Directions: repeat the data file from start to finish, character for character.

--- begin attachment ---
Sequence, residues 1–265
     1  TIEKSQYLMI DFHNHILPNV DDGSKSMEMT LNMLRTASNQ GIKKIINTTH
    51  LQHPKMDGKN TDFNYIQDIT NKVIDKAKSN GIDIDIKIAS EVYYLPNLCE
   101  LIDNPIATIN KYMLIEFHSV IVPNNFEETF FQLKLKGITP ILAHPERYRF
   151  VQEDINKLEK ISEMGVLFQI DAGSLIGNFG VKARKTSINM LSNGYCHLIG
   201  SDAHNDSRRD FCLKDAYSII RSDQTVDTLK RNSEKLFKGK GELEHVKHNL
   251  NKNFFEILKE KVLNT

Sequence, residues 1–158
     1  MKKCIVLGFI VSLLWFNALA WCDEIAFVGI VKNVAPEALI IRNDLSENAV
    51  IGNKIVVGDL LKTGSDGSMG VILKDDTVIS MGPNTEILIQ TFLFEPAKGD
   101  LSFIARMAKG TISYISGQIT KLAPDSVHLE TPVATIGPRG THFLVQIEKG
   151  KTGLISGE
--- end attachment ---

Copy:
Sequence, residues 1–265
     1  TIEKSQYLMI DFHNHILPNV DDGSKSMEMT LNMLRTASNQ GIKKIINTTH
    51  LQHPKMDGKN TDFNYIQDIT NKVIDKAKSN GIDIDIKIAS EVYYLPNLCE
   101  LIDNPIATIN KYMLIEFHSV IVPNNFEETF FQLKLKGITP ILAHPERYRF
   151  VQEDINKLEK ISEMGVLFQI DAGSLIGNFG VKARKTSINM LSNGYCHLIG
   201  SDAHNDSRRD FCLKDAYSII RSDQTVDTLK RNSEKLFKGK GELEHVKHNL
   251  NKNFFEILKE KVLNT

Sequence, residues 1–158
     1  MKKCIVLGFI VSLLWFNALA WCDEIAFVGI VKNVAPEALI IRNDLSENAV
    51  IGNKIVVGDL LKTGSDGSMG VILKDDTVIS MGPNTEILIQ TFLFEPAKGD
   101  LSFIARMAKG TISYISGQIT KLAPDSVHLE TPVATIGPRG THFLVQIEKG
   151  KTGLISGE